I'm going to post a link to the book at Amazon for anyone interested.



Scepticalscribe, I know how much you love reading non-fiction/history, this one should not be missed!


---------------

Now I'm currently reading the fifth book in the Harry Potter series, Harry Potter and the Order of the Phoenix.

Last edited by LadyX; Apr 11, 2014 at 04:42 AM. Reason: added current read
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Old Apr 11, 2014, 03:29 PM   #1965
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I posted this two days ago in a book forum I'm very active on and decided to post it here as well since it's well worth it.

Anyone who enjoys reading non-fiction should to take a look at The Boys in the Boat: Nine Americans and Their Epic Quest for Gold at the 1936 Berlin Olympics by Daniel James Brown. For those who do not read non-fiction should also check it out; I guarantee you, after reading this book you'll be wanting to read more of the same. It's about the University of Washington's varsity rowing crew and their quest for an Olympic gold medal. Please do not let that be a turn off for you. I didn't know a lot about rowing prior to reading this book. Nor do I watch this sport (though I'm interested now) but this definitely did not stop me from enjoying the book. It's centered around the life of one of the varsity crew member, Joe Rantz. The narration jumps between Rantz's life and his and his crew's quest to the Olympics and then goes to talk about an important event that occured during that time; like the Great Depression, the Dust Bowl, Hitler's reign/life, etc.

I immensely enjoy reading non-fiction and my favorite in the genre has always been Laura Hillenbrand's Unbroken however, after reading The Boys in the Boat, it has become my all-time favorite right above Hillenbrand's. Yes it's that good, and even better. The author, Daniel James Brown did an outstanding job writing this book. His storytelling skills are extraordinary. I've read a lot of non-fictions that are dull but this one is far from that. Literally, the best book I've read so far. A truly entertaining and remarkable work of narrative non-fiction. Highly recommended.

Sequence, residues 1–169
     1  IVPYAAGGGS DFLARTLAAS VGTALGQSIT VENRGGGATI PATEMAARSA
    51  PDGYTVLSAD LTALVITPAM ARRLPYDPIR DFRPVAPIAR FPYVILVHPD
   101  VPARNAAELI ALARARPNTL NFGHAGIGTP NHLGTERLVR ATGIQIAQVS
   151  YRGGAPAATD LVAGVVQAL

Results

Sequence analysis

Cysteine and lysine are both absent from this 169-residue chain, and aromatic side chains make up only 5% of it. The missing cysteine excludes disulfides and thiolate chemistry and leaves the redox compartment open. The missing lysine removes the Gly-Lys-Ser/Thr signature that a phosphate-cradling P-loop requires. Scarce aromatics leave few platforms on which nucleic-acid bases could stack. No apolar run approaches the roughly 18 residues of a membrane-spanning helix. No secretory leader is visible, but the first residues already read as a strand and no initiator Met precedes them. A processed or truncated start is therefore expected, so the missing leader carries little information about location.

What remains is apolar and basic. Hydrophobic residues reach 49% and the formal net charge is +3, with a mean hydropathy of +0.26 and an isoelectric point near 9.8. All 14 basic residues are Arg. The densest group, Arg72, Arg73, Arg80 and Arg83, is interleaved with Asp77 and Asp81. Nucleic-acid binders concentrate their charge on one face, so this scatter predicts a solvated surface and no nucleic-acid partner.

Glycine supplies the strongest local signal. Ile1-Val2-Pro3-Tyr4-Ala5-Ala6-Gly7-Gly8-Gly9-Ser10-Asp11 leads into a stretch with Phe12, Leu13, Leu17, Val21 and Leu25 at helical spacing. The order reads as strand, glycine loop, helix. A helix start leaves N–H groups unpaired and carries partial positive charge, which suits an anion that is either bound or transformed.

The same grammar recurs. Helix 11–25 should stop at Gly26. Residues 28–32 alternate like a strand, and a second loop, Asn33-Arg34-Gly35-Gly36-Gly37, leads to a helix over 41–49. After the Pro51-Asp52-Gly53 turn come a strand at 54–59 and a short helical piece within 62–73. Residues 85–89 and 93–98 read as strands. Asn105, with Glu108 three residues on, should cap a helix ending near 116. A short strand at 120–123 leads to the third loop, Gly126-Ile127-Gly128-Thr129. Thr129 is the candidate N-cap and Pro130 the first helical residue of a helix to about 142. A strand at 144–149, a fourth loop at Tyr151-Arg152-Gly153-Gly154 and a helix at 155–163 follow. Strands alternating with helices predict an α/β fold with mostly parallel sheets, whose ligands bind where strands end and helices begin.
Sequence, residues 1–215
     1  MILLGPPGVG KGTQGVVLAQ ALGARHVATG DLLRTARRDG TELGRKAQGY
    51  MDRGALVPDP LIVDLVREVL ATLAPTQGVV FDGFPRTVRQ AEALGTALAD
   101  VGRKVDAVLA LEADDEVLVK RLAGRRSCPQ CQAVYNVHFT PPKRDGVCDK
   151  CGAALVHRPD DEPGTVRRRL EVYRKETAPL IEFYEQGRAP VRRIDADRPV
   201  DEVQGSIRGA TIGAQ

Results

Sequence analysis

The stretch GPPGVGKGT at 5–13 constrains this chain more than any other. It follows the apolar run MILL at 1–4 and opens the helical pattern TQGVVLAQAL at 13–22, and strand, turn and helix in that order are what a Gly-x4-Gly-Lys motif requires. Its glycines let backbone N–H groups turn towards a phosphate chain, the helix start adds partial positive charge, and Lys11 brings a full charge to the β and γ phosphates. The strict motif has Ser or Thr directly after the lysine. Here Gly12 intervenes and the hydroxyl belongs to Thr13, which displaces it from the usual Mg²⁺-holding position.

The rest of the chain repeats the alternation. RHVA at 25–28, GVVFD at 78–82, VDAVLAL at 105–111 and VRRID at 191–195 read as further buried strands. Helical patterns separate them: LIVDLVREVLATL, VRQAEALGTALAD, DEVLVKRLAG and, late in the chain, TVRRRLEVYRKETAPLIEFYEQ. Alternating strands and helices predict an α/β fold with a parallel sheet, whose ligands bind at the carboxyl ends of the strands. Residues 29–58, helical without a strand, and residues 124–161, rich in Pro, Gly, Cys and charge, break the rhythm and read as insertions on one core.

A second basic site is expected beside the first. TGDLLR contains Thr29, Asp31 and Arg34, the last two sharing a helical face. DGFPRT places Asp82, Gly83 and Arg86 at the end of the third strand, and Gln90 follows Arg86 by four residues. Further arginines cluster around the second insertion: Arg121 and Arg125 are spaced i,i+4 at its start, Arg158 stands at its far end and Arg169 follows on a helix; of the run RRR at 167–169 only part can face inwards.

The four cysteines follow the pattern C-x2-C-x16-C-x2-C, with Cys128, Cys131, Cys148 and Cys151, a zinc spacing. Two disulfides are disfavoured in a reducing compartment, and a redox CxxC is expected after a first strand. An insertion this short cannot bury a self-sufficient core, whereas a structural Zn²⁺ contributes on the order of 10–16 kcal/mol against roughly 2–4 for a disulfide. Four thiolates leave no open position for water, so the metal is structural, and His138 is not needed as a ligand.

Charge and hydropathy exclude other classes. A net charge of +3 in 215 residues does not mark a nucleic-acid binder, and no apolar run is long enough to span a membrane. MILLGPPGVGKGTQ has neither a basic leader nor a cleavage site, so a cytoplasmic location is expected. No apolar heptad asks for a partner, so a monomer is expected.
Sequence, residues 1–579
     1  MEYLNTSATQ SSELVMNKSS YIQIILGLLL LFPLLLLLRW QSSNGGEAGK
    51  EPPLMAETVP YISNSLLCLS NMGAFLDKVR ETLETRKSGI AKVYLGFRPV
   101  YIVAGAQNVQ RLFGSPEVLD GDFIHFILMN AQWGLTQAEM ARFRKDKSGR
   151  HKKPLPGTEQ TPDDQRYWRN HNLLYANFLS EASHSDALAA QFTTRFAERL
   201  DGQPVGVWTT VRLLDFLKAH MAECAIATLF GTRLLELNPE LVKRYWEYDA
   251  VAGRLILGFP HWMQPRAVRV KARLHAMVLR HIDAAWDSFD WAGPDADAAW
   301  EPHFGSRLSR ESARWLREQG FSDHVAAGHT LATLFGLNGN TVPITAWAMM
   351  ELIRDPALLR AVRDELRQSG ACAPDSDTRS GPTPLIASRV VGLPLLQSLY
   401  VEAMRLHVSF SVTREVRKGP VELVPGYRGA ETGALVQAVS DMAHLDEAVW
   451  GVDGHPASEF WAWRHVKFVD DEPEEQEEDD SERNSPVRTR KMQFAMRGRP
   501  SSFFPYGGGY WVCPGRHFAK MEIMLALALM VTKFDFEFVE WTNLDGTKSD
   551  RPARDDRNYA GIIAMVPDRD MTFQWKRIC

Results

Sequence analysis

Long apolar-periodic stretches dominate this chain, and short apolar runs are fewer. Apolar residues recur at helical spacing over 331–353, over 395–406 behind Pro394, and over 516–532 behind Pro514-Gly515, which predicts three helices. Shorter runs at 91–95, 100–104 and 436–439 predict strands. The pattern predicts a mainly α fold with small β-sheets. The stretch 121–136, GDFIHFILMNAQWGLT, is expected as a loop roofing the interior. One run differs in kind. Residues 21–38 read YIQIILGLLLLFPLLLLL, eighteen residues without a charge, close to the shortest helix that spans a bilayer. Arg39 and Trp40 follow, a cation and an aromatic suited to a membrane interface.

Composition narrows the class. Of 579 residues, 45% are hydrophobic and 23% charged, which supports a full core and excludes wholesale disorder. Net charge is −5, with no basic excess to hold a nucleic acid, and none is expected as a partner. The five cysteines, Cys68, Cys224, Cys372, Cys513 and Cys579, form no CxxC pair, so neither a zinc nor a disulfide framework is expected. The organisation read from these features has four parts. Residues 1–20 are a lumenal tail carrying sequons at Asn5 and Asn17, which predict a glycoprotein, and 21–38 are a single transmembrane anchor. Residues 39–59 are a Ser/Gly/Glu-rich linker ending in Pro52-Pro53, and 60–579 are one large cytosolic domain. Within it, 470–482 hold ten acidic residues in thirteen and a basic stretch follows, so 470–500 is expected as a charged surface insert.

I'm going to post a link to the book at Amazon for anyone interested.



Scepticalscribe, I know how much you love reading non-fiction/history, this one should not be missed!


---------------

Now I'm currently reading the fifth book in the Harry Potter series, Harry Potter and the Order of the Phoenix.
Well, firstly, thank you very much for the strong recommendation of what sounds as though it is a most interesting book (and certainly one that seems to cover a fascinating period in history). I'll look it up on Amazon, and thank you for suggesting that I take a look at it.

Secondly, I imagine that you will Harry Potter and the Order of the Phoenix. I certainly did. Actually, it is excellent.
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Old Apr 12, 2014, 01:35 AM   #1966
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Well, firstly, thank you very

Secondly, I imagine that you will Harry Potter and the Order of the Phoenix. I certainly did. Actually, it is excellent.

You are welcome. I just had to let you know about it

Regarding HP, I've read the first four consecutively and loved and enjoyed each and every one. I then decided to take a break and read something else. I didn't realize how much I would miss those books! I'm glad I'm back to reading them
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Old Apr 17, 2014, 12:41 AM   #1967
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I just started a A Storm of Swords- Book 3 of A Song of Ice and Fire series, iBook version. Sadly I have the paperback but the print has mysteriously shrunk over the years. It must of gotten wet. Its been a while since I've delved in the series because I watch the HBO Game of Thrones and have vowed to keep my book reading behind the show. I'd forgotten how good the reading is in this series.



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Well, firstly, thank you very much for the strong recommendation of what sounds as though it is a most interesting book (and certainly one that seems to cover a fascinating period in history). I'll look it up on Amazon, and thank you for suggesting that I take a look at it.

Secondly, I imagine that you will Harry Potter and the Order of the Phoenix. I certainly did. Actually, it is excellent.
The entire series is excellent IMO.
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Old Apr 17, 2014, 07:47 AM   #1968
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Now I really wish that HBO would make that into a television series with a minimum of 20 episodes per book to tell the story!
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Old Apr 17, 2014, 08:04 AM   #1969